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VOL. 8 NO. 4
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Docking made easy

Learn to dock in all situations

Docking made easy

The two most important parts of docking are having a plan and communicating that plan to the deck crew.

When approaching an unknown docking situation, you first need to determine what type of docks are available and what conditions are present, including the direction and strength of wind and current. Once you know, you can formulate a thoughtful docking plan and communicate it to your crew.

You might encounter floating finger docks, fixed finger docks, fixed docks with pilings, docks with protective facings, concrete wall docks, Med moor docks and others. Each situation requires different mooring line and fender placement, but with proper preparation and a competent deck crew, docking can be straightforward even with wind, tide, and current.

Let’s consider one of the tougher examples of marina docking: short, dual-slip finger docks where you must stabilize the bow with bow lines to pilings 5 to 10 feet beyond the bow and tie the stern near the land end of the slip. This situation requires you to back the boat while attaching the bow lines on the way in.

Successful docking in this situation requires long bow lines (30 feet or more) properly prepared and attached at the bow, shorter docking lines prepared and ready at the stern, and possibly a spring line on each side to stabilize the boat’s distance from the dock. All lines should be readied by the deck crew before you approach the slip.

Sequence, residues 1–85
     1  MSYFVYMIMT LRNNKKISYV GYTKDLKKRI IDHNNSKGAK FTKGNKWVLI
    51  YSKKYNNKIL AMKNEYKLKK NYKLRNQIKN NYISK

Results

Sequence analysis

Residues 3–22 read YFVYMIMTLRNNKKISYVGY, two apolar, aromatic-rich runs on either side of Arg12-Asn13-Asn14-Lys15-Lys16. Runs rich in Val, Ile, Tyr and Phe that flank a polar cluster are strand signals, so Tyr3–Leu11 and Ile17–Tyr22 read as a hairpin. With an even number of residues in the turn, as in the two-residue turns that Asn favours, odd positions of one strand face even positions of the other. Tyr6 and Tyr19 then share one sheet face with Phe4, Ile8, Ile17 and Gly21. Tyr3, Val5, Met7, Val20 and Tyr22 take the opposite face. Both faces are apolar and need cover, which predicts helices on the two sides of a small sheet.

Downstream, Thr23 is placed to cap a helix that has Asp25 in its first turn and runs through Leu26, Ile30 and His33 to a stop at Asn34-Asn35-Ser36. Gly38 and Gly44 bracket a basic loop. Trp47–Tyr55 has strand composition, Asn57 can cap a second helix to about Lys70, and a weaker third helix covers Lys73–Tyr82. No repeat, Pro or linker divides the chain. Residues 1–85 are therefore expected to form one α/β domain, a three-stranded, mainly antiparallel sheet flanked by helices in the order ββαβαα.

Next you need to prepare the fenders. If the dock has exposed pilings that the boat rails will rest against, fenders shouldn’t go over the sides until the boat is nearly secured. In a dual slip, you’ll want to be careful to set fenders at the proper height along the side of the boat.

Once lines and fenders are readied, you need to judge the wind and current to determine which way the boat will want to move without power applied. This type of docking takes several minutes to complete because of the complexity of deploying the bow lines. When handling the boat, go slow. When you are about two-thirds of the way into the slip, be prepared to gently bump into the dock, the pilings or the adjoining boat with properly deployed fenders and rest there while the bow lines are rigged.

To set the bow lines, the deck crew should stand as close to the bow as possible on the widest part of the boat and pass the prepared lines (already attached to bow cleats) around the pilings and then loosely back to the cleats. Deploy these lines with one line on each side while the boat is standing still.

Once the bow lines are attached and slack, back the boat the rest of the way into the slip and attach two stern lines to properly situate the boat left to right and restrain it from going forward. The last step is to tighten the bow lines on each side.

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